Hundreds protest the murder of a woman before her children’s eyes. While some of the male demonstrators preferred to focus on police inaction and racism, the women demanded to speak about what is actually happening inside Arab society.
By Haggai Matar and Hagar Shezaf
Around 500 women and men marched Friday afternoon in the city of Lod to protest the gender violence and murder of women in Arab society.
The march, which began in Lod’s old city and ended in a vigil outside the old municipality building, marked a week since the murder of Dua’a Abu Sharkh — a murder that sparked the largest-ever women’s protest movement, what Samah Salaime termed a “women’s intifada.” Both the protest and the vigil mark the height of the community involvement in Lod in the struggle against gender violence in Arab society, the result of the hard work of local women’s organization, Na’am.
The daughters and family members of murder victims marched while wearing shirts with the names of the dead printed on their shirt, along with the sentence: “The murderer roams free.” Joint List MKs Aida Touma-Sliman, Haneen Zoabi, Bassel Ghattas and Osama Sa’adi all marched, along with hundreds of other supporters, alongside the family members. The demonstrators shouted slogans against police inaction, blaming them for solving crimes committed against Jews only.
Dua’a Abu Sharkh, a mother of four who was 32 at the time her death, was murdered last Friday while in her car. She was shot while returning her children to her husband, from whom she was divorced. The family claims that he had threatened Dua’a in the past. The demonstrators have been holding daily protests outside Lod’s police station, demanding that the police take action and catch the killer.
“Usually the media and the police claim the murder was an ‘honor killing,’ but people today came to say that they reject this line of thinking, one that we have been hearing for years,” said Fida Shahada, one of the demonstrators. “We do not accept this message, and we demand that the real killer is found, as well as all the killers who are walking free. We ask that the media stop using the term ‘honor killing.’
“We see how the police catches people who steal phones and leak privates photos. But it’s impossible for them to solve a murder?” added Shayma Abu Sharkh, Dua’a’s sister. “A telephone is more important than a human being? This is very painful. This demonstration is not only for Dua’a — it could potentially prevent the next murder.”
“There are those who claim that Arab women do not complain, but this is not true,” MK Touma-Sliman says. “Arab women do complain to the police, but the cases are very often closed. The police does not take seriously their complaints. I am tracking several cases in which a woman who was facing danger came and complained, and the police simply closed the case — one of those cases were closed 15 minutes after the complaint was filed. The police have the responsibility to protect citizens.”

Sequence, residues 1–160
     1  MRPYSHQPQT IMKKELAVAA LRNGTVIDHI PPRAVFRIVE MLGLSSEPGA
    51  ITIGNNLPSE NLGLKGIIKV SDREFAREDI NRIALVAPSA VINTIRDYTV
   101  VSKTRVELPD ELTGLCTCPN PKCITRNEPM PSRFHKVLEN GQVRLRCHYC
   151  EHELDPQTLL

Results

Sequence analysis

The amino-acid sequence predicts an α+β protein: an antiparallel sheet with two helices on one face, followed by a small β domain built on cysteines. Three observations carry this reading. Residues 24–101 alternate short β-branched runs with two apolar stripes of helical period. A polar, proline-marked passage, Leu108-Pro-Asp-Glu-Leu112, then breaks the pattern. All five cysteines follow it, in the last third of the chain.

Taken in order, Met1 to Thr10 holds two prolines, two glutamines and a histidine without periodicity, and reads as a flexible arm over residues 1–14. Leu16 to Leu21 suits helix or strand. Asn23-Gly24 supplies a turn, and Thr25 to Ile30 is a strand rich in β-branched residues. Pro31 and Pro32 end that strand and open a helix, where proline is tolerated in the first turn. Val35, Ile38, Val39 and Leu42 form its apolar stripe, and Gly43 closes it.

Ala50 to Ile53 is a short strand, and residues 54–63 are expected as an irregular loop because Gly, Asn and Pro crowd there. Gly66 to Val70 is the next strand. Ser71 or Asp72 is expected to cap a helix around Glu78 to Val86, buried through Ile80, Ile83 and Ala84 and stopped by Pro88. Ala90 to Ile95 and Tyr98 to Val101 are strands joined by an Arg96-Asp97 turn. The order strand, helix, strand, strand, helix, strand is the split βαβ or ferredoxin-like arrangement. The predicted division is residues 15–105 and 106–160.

Murderers among the protesters?
But even during the women-led protest, women were resigned to fight for their place, as well as over the messaging of the demonstration. +972 and Local Call blogger Samah Salaime, who heads Na’am, and was one of the organizers of the event, called it a “war on all fronts.”
Even at the early stages of the march, a number of men took over the microphone, stood at the head of the march, and decided that they are in charge of the messaging. Their slogans included religious themes (“there is no God but Allah”), while putting emphasis solely on police responsibility and discrimination against the Arab public. “We, on the other hand, want to remind people of the names of the dead and talk about our internal responsibility,” Salaime says. “Slowly we managed to take control of the microphone, to break through the men, reach the front row, and call out our slogans, such as ‘Arab women are free,’ ‘we won’t rest until the weapons disappear,’ and ‘the killer is among us — the responsibility is ours.'”
The last slogan refers to a small protest that erupted inside the demonstration, when one of the women recognized a protester as the brother of someone who murdered one of her relatives. “We have the responsibility to protect women, especially because we recognize that the welfare system does not do its job, and because we have no trust in the police, Touma-Sliman said. “As long as we call on women to stand in the back during protests — women will continue to be murdered. As long as a woman says her husband hit her and she is told that it is okay because he is her husband, women will continue to be murdered. Even at this protest there may be people who murdered or who knew about a murder and kept quiet. We cannot forgive this, we cannot accept murderers, and our society must get up and condemn them and their protectors. Anyone who calls for violence of any kind has no place among us or on our stages.”
“This is a large protest and there are a large number of women here who participate and fight to be in the front of the demonstration, they will take the microphone by force if needed,” added Maha Saqallah-Tli, a social worker and activist. “This movement arises as a result of desperation. If we don’t bring about change, it won’t happen by itself.”
Hagar Shezaf is a Jaffa-based freelance journalist. This article was first published in Hebrew on Local Call. Read it here.